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Buck Converter for lights?

PostPosted:Mon Nov 06, 2017 1:56 pm
by Bjorn
First post here (hope its in the right spot) and new to upgrades. I tried to search but did not find anyone trying this. Makes me think its not a good idea. Has anyone tried to use a buck converter so they don't have to add a yet another battery or buy expensive led 18 volt lights?

Re: Buck Converter for lights?

PostPosted:Mon Nov 06, 2017 2:32 pm
by Hammer-fm
Definitely. You can get them on Amazon/ebay/etc. or buy them from a vendor like Mltoys (nicely packaged):

Most of the cheaper ones are rated only up to ~30V, but most people are running less than that so that's sufficient. (MLtoys does not list a maximum but says it's for 18V or 24V vehicles).

I've personally used this XL4016-based one successfully (rated to 40V, so can even use it with 3x 12V batteries):

Re: Buck Converter for lights?

PostPosted:Mon Nov 06, 2017 2:54 pm
by Bjorn
Even a blind squirrel finds a nut now and then... I just got the same model buck converter off ebay ;)

Re: Buck Converter for lights?

PostPosted:Thu Nov 09, 2017 9:10 am
by Bjorn
I have seen where some people are adding multi-meters displays to the dash. I likes the idea and they are fairly cheap so why not. I followed the link (
) and purchased one. It only has three wires comping out of the back so it does not have a separate harness for display power. The problem is every diagram I look at online shows the neutral going to the battery and the yellow wire going to the motor and removing the wire from the battery to the motor. This cant be correct (I assume). Do I need a shunt? I would appreciate any help... I would REALLY appreciate a wire diagram : )

Re: Buck Converter for lights?

PostPosted:Thu Nov 09, 2017 4:32 pm
by Hammer-fm
Yeah, looks like it needs a shunt, based on their description:

"Three-digit 0.28 " LED dual display, red display for voltage, blue for current, needs an extra 50A shunt for measuring current.
(Does not include shunt, if need,please check the item ASIN:B00BYO72Q6)
Wire Connection:
COM: Black wire,Power Supply - , Measure Voltage -
PW+: Red wire, Power Supply +, Measure Voltage +
IN+, Yellow wire, Measure current input. if use the voltmeter function only, please connect the Yellow wire and black wire together to avoid the Interference "

For accurate measurement, you would buy a 50A/75mV shunt and then connect :
Black wire => Shunt negative
Red wire => battery positive
Yellow wire => Shunt positive

In a stock power wheels, the "original" black wire that went to battery negative would connect to the Shunt positive.

The Shunt negative would then connect to the battery negative.

This ensures all of the motor current goes through the shunt. DO NOT connect the meter's black wire to the battery directly because then it will incorrectly report the current value. It needs to connect to the negative lead of the shunt.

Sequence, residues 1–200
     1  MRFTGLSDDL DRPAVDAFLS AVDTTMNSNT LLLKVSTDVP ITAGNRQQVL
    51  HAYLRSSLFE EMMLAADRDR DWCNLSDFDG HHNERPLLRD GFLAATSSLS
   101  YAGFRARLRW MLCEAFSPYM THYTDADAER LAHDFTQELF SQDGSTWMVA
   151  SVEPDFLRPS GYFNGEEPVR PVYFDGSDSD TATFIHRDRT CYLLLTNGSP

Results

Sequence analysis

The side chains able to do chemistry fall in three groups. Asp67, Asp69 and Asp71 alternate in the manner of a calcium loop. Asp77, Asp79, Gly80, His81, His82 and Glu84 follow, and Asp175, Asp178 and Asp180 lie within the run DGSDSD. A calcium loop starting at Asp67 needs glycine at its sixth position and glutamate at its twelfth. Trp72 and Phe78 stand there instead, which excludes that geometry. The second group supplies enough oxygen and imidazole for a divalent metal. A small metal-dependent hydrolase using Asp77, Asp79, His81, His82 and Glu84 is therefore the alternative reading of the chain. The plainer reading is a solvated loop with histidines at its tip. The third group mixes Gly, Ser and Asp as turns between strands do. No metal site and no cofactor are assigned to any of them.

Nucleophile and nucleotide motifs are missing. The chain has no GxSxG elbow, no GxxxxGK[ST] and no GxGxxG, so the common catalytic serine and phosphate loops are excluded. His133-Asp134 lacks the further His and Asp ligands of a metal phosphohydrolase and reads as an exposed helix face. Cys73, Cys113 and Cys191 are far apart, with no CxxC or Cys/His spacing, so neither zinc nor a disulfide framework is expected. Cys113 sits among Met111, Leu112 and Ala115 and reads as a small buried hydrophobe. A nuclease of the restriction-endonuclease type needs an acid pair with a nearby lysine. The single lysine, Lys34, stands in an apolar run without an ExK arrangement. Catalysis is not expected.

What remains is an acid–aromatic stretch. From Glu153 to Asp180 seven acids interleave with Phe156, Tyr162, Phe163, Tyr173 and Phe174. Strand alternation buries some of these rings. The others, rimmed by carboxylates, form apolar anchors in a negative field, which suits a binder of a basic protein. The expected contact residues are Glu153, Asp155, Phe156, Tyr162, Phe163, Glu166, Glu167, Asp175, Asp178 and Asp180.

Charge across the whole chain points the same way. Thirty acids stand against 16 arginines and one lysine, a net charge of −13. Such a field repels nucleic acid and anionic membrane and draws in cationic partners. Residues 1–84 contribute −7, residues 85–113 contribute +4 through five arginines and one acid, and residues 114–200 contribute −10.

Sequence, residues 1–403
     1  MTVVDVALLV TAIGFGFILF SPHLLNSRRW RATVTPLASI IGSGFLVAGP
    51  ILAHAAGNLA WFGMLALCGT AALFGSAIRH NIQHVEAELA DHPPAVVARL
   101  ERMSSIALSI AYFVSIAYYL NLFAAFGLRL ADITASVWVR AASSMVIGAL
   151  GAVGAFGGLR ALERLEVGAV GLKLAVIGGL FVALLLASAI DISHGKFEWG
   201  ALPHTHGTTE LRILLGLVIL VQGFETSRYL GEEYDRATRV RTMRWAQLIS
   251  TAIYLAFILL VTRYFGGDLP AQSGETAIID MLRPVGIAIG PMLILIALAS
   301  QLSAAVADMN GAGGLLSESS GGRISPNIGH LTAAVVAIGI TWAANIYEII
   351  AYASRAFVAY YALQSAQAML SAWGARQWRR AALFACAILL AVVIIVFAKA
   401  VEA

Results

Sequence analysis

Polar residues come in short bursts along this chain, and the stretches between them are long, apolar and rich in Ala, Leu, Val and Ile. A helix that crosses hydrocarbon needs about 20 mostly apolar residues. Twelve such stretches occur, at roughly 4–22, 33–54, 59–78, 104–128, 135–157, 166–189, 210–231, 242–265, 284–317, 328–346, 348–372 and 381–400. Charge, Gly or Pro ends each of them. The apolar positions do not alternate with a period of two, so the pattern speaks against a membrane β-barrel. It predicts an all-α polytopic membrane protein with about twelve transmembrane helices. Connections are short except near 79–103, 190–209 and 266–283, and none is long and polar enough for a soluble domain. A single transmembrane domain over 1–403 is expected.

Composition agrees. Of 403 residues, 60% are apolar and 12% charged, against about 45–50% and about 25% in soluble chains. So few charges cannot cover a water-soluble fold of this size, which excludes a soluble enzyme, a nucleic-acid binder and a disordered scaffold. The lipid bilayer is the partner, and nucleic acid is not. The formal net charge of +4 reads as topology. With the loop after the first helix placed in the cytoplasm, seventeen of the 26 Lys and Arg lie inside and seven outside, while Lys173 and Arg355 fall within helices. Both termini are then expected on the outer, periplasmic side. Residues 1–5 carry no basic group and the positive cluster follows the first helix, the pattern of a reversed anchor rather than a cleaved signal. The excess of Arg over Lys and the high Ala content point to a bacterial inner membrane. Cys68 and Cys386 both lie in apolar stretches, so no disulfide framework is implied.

Note: this 3-wire connection means it will incorrectly report the voltage by an amount equal to the IR drop of the wire between the shunt and the battery -- if you have 3' of 14-ga wire, that's ~12mohms, and if you're pulling 20 amps, that means it will be off by 0.24V (the meter will read lower than the real battery voltage) This is why some of the other ones have 4 wires -- making a true-differential connection for the shunt.

I wouldn't be concerned about -- just realize it's there.

(after looking up the part reviews, I see that "SoCal Flyer" posted a nice review that included a description of his wiring, which is correct but slightly more detailed).

"Only gave it four stars because was it was delivered without any documentation, nor did any appear to be available on Drok's website, so it took a few minutes of Googling to find something. Briefly, attach the negative side of your DC source (battery or whatever) to one end of the shunt using one of the two screws provided, and connect the black lead to the other screw at that same end. On the other end of the shunt, attach the negative side of your load, whatever it is, and connect the yellow lead to the second screw on that same end. Now connect the red lead to the plus side of your DC source along with the plus side of your load, and you are good to go.

I strongly recommend attaching the yellow & black meter leads directly to their own screw points on the shunt, with no other wires on those screws. Reason is the "Amps" meter circuit is reading some very tiny voltages dropped across the shunt and if even the slightest additional voltage drop gets introduced into the black/yellow amp meter circuit it will throw your amps reading way off calibration, far beyond the range of the (very tiny) variable pot on the meter circuit board. Wired as described, my readings were virtually dead on without need for adjustment."

Re: Buck Converter for lights?

PostPosted:Fri Nov 10, 2017 8:03 am
by Bjorn
You're awesome. thanks!

Re: Buck Converter for lights?

PostPosted:Fri Nov 10, 2017 4:55 pm
by Hackish
I bought the 10A version of that unit. Had an internal shunt but I maxed it out pretty easily. The important part is that it seemed to be relatively accurate for the $5 I paid (shipped).